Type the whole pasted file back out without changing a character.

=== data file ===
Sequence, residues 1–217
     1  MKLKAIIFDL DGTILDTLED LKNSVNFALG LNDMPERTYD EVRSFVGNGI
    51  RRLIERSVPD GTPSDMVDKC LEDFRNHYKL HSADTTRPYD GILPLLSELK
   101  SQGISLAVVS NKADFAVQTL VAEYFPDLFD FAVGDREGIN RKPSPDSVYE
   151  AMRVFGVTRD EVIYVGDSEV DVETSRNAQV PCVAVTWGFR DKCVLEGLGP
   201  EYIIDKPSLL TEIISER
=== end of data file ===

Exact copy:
Sequence, residues 1–217
     1  MKLKAIIFDL DGTILDTLED LKNSVNFALG LNDMPERTYD EVRSFVGNGI
    51  RRLIERSVPD GTPSDMVDKC LEDFRNHYKL HSADTTRPYD GILPLLSELK
   101  SQGISLAVVS NKADFAVQTL VAEYFPDLFD FAVGDREGIN RKPSPDSVYE
   151  AMRVFGVTRD EVIYVGDSEV DVETSRNAQV PCVAVTWGFR DKCVLEGLGP
   201  EYIIDKPSLL TEIISER